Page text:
More than 6 million people have signed up for health insurance on the new exchanges, a number that signals a tremendous last-minute surge, the White House said Thursday. President Barack Obama told volunteers and navigators helping sign people up that 1.5 million people visited HealthCare.gov on Wednesday -- the highest-traffic day yet. Officials have said they logged more than a million visits each day so far this week.
The expectation all along was that health care enrollment through the Affordable Care Act would spike shortly before the March 31 deadline. As of this afternoon, those expectations are very much in line with reality.
Remember, this total only refers to consumers who've signed up for private coverage through exchange marketplaces. It doesn't include Americans who've gained coverage through Medicaid expansion. For that matter, clearing the 6-million milestone is an important threshold, but there's still time remaining in the open-enrollment period and it's not unrealistic to think we'll see 6.2 million by next week.
"We are seeing near-record numbers of consumers coming to check out their options and enroll in coverage. Yesterday alone, we had 1.5 million visits to HealthCare.gov and took more than 430,000 calls at our 24/7 call center," said Marilyn Tavenner, head of the Centers for Medicare and Medicaid Services.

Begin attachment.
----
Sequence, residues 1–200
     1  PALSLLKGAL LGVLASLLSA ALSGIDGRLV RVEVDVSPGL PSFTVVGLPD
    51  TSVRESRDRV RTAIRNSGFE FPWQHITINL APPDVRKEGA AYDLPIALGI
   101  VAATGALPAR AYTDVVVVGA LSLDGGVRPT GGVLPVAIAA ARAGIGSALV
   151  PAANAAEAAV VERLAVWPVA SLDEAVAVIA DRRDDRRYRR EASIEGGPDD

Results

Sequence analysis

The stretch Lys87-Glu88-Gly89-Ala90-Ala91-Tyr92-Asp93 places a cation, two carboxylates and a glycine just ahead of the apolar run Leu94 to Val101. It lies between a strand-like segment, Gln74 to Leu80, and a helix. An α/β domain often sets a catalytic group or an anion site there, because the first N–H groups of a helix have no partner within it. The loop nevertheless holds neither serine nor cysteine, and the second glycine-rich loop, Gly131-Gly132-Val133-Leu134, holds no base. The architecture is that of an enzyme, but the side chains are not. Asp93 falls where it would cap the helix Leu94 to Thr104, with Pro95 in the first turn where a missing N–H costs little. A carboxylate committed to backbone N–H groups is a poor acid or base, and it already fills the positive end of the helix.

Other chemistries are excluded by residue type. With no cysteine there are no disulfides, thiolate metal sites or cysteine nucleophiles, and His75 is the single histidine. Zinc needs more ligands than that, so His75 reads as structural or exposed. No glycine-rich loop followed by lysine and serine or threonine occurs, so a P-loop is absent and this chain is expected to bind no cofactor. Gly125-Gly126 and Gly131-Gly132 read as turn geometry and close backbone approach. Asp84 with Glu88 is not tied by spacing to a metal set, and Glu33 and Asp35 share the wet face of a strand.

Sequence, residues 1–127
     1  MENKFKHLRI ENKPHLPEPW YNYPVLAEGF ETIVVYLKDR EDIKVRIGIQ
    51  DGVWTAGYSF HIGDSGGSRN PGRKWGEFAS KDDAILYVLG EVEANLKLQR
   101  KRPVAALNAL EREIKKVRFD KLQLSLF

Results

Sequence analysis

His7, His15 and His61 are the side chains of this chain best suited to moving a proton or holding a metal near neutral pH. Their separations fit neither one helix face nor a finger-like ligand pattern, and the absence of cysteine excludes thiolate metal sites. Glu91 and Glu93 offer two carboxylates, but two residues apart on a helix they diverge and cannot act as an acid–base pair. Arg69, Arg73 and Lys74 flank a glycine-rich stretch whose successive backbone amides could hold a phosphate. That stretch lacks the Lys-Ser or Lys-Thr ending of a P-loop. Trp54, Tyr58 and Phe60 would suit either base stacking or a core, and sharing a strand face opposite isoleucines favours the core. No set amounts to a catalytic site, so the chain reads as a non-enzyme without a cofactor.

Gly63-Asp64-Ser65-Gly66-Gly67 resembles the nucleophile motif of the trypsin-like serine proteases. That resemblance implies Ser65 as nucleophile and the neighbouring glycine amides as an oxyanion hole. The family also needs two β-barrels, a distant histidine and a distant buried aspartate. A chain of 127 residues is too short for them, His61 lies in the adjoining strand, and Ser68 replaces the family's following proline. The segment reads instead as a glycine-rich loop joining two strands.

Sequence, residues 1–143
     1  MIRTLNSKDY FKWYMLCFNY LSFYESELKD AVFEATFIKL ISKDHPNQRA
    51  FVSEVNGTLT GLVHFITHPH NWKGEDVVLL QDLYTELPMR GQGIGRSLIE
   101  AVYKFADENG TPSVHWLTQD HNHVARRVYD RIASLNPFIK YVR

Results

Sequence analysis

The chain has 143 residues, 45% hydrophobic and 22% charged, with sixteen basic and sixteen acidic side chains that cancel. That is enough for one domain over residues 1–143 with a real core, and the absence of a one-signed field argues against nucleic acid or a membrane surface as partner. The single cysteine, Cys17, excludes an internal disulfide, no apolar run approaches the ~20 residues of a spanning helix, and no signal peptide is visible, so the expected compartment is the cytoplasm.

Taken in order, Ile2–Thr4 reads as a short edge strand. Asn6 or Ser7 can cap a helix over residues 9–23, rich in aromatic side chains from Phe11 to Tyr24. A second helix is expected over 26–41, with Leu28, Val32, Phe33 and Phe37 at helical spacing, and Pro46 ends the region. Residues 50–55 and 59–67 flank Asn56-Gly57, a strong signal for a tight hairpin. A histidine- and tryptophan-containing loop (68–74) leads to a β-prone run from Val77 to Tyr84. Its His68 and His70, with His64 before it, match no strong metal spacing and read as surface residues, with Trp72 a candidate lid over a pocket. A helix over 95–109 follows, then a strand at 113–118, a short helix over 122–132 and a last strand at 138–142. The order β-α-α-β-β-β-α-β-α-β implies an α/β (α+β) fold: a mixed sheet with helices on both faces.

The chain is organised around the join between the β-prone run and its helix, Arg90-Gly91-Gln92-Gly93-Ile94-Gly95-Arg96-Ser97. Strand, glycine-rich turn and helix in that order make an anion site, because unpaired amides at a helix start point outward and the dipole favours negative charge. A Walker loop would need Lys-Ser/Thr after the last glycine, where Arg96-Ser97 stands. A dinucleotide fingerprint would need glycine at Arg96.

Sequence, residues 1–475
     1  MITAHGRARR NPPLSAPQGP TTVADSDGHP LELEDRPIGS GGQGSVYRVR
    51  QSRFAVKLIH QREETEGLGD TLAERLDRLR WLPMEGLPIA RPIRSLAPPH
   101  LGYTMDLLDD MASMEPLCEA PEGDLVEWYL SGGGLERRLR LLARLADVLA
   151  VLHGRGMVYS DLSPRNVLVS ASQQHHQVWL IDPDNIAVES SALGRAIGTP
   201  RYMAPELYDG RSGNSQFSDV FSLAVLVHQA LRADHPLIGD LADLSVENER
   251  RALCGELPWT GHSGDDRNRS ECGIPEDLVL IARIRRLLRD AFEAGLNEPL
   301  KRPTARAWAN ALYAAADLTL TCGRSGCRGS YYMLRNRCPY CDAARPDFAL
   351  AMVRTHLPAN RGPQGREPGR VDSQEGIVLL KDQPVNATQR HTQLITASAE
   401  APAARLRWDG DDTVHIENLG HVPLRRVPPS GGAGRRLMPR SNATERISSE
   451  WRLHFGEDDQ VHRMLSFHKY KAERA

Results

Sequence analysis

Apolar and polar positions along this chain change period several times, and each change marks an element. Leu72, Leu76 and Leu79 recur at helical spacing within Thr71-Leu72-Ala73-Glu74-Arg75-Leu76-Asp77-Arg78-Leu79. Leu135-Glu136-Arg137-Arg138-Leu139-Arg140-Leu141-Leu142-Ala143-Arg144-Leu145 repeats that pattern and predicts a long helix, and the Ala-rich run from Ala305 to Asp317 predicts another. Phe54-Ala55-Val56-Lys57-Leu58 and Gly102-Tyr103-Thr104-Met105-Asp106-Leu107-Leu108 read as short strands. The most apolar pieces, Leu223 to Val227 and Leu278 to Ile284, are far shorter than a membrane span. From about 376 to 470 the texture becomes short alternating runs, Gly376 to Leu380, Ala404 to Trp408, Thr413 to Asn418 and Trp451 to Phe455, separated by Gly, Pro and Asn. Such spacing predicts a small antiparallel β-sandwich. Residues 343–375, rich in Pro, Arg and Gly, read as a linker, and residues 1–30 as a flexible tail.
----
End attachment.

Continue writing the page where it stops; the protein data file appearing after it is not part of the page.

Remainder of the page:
As of March 1 -- not quite four weeks ago -- 4.2 million Americans had enrolled through exchanges, suggesting we've seen nearly two million consumers sign up in less than a month.
It's easy to forget, but this seemed like a pipe dream last fall. In October, the first month of the open-enrollment period, just 106,185 consumers signed up for insurance through an exchange – causing Republicans to not only celebrate, but to openly mock the system by noting a variety of sports venues that hold more than 106,185 attendees.
It was obviously proof, we were told at the time, that the Affordable Care Act itself was "hurtling toward failure."
The enrollment totals must seem literally unbelievable to Republicans, who managed to convince one another that the ACA is not only catastrophically flawed, but on an inevitable road towards imploding.
Indeed, as Paul Krugman noted earlier today, "[P]eople in the GOP are still working with a completely wrong narrative — namely, that Obamacare is failing, and that these are desperate ploys to save a sinking ship. The reality is quite different: enrollments have clearly surged in the final month.... How will the GOP respond when the numbers come in?"
I don't know the answer to that question, but I suspect it'll have something to do with Benghazi.
To reiterate a point from early February, those who say they hate "Obamacare" won't want to hear this, but the imminent implosion of the Affordable Care Act has been cancelled.
What's more, this is less of a comeback story than a story of normalcy and effective governance. There was a fair amount of panic in November -- remember the pieces that predicted "Obamacare may destroy all of liberalism forever"? -- but there were plenty of voices counseling patience. There were problems, but they were surmountable. There were elements that were broken, but they could be fixed.
The recent progress, in other words, isn't some remarkable fluke the White House achieved through a Hail Mary pass. Rather, what we're seeing now is progress many of us expected to see all along.